Not sure what to do instead? Try this: Instead of refusing help when the kids are scared to try something new, ask if you can try to show them. Then model the thing they’re having trouble with. Empathize with their feelings and show them you understand why they are having those feelings, then show and tell how you dealt with those same feelings. Then encourage and stand by. 



“Remember that “misbehavior” is only a symptom of an unmet need.”

3. Ignoring “bad behavior”.

One parenting trend that I’ve read one too many times on “mommy blogs” or in comments in response to parenting articles, is the idea that parenting children is no different than training a dog.  These people believe, I think, that because these things work for dogs, then they must work for kids. Mainly, the practice of ignoring the child when they are behaving in a way you don’t want them to. They think “ignore the behavior and it will stop”. Maybe. But, at what cost? I guess it really depends on what you want for your kids.  If you want your kids to fear you, hide their emotions when they’re not convenient for you to deal with, and be a subordinate for the rest of their lives, sure, keep ignoring them. But, if you want your child to be emotionally resilient and able to think for himself, then keep reading.

Remember that “misbehavior” is only a symptom of an unmet need. Does he need food? Sleep? More time with you? Time with you to release “icky feelings”? When you can address the need, the “misbehavior” is eliminated. I know this is way easier said than done, since we all have our own emotional baggage with unmet needs as well.  But, ignoring what your parents and strangers (usually people without children) call “bad behavior” is really just adding to the problem.  So, next time your neighbor tells you to “just ignore her” when your daughter is throwing a tantrum, just tell him you’ll remember that advice the next time your dog craps in his yard and he comes to you complaining. Then go tend to your screaming daughter.


4. Telling them to hide their emotions: “Don’t cry.” or “Don’t be sad.”

Now, this one may not seem serious, but it is, and of course we’ve all done it. What are we actually doing when we tell our kids to not be sad, or to not be afraid? Obviously, it’s natural to want to protect our kids from these feelings. But, telling kids “Don’t feel this way” isn’t necessarily helping them feel any better. Plus, it can tell them that their feelings aren’t valid — that it’s not ok to be sad or scared.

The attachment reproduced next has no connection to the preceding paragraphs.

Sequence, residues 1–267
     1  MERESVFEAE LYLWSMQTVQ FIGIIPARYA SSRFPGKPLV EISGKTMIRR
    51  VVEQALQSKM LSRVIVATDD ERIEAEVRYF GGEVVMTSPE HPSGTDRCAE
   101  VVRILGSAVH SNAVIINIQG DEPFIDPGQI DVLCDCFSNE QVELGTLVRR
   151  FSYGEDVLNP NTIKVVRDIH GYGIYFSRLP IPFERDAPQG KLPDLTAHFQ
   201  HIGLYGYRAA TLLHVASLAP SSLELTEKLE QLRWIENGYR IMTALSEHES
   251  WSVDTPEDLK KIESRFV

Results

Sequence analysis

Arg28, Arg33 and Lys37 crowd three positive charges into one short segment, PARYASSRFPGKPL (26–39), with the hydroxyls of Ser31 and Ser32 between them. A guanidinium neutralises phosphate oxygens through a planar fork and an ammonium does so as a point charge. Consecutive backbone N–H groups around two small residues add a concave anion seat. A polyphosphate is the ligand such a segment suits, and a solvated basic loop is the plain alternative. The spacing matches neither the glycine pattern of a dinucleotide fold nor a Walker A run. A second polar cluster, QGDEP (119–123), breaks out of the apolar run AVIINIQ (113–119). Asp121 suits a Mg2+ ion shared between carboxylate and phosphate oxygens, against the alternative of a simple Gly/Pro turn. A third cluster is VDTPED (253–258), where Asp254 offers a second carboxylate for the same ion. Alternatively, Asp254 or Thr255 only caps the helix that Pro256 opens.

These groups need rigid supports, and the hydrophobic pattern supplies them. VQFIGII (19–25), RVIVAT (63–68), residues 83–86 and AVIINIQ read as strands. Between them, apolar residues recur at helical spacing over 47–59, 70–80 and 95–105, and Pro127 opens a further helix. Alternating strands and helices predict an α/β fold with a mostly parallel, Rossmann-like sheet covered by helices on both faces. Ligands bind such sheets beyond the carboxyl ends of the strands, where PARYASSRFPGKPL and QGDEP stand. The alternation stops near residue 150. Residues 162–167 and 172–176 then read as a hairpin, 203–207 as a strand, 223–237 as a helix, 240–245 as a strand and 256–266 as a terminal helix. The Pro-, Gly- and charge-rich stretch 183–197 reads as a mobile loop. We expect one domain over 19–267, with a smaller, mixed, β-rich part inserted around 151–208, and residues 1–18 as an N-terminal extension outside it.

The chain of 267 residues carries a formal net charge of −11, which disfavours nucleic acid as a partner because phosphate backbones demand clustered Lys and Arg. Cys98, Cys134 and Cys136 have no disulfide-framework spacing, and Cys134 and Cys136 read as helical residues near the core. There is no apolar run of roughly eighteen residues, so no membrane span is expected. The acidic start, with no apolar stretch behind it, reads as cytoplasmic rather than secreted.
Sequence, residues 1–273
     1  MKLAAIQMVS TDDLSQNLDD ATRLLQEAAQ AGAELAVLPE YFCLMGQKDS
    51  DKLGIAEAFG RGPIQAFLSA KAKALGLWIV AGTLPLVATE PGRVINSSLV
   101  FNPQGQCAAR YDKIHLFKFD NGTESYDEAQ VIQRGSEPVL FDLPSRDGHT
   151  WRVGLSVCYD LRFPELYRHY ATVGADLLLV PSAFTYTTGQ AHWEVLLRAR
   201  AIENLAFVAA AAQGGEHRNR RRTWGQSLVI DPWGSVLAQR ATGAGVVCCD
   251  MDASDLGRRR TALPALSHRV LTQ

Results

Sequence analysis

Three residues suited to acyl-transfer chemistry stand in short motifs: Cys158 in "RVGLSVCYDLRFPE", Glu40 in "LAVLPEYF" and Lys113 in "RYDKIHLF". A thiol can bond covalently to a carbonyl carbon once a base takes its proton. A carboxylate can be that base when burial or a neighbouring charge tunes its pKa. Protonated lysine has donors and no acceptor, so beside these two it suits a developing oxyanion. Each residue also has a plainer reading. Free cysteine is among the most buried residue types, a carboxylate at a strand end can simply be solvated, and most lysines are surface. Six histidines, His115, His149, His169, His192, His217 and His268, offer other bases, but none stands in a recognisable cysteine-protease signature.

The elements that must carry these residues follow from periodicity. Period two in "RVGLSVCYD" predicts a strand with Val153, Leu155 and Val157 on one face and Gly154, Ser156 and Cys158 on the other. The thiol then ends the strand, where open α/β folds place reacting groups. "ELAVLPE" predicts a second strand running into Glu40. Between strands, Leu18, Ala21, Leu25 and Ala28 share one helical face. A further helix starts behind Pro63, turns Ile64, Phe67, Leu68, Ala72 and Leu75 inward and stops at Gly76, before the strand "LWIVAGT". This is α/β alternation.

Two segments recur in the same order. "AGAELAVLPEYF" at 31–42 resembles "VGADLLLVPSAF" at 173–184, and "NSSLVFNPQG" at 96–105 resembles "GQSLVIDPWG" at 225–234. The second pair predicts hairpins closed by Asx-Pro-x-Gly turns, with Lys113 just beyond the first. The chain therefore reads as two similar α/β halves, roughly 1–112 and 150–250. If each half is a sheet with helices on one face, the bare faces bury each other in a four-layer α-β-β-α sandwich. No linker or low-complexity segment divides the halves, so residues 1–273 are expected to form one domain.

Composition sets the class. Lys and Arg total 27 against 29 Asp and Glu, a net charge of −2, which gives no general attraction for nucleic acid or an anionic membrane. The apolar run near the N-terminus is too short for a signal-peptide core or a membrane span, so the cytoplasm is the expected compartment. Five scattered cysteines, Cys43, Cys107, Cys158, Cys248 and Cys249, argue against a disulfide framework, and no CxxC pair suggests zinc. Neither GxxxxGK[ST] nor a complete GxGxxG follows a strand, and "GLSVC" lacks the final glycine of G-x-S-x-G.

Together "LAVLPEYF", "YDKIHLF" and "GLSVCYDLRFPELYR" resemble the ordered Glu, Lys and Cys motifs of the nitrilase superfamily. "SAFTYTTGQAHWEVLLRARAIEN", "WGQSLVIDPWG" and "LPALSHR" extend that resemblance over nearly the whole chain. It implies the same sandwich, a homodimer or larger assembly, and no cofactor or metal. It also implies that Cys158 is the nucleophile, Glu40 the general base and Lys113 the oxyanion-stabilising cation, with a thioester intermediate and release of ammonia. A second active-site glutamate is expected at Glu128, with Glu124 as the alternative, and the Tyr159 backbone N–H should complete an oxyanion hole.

Rather than deny the feelings your child is having, simply acknowledge them with your words; “Yes, it can be scary climbing a ladder for the first time. But, I’ll go first and show you how, then I’ll do it with you. I promise I won’t let you fall.”

By doing and saying something like this, you’ll allow him to name the feeling (scared) next time by attaching a word to it, and you’re also showing him how to be empathic toward other people when they have feelings that are similar.


5. Comparing them to a sibling or friend.

We’ve all done this.  It seems helpful, in our minds, to offer an example of someone our child’s age who is exhibiting a behavior we would like them to do.  The problem is, our child isn’t the child we compared them to. It seems logical, but kids won’t see it that way, especially if you’re frustrated by them not learning a skill as fast as you’d like them to.  What they hear is “I wish you were different.”

Being pressured to do something that your child just isn’t ready to do, or doesn’t like to do, can be confusing and can undermine her self-confidence.  And depending on their age, you could be met with resentment and refusal to do the very thing you want so badly for them to do.

Instead, focus on what she can do, and encourage those achievements. Remember, when children feel good, they do better.  If they’re in a good state of mind, you can try scaling the skill or behavior you want them to do, and focus on the part they can do. — “Wow, you got both your feet on the second step of the ladder without my help!”



About The Author

Ryan P. Maier

Ryan is the co-owner and founder of DadLifts and an autism and fatherhood advocate. Ryan is also a Movement Coach and USA Weightlifting Sports Performance Coach in Minneapolis, MN. Ryan is a husband and father of three.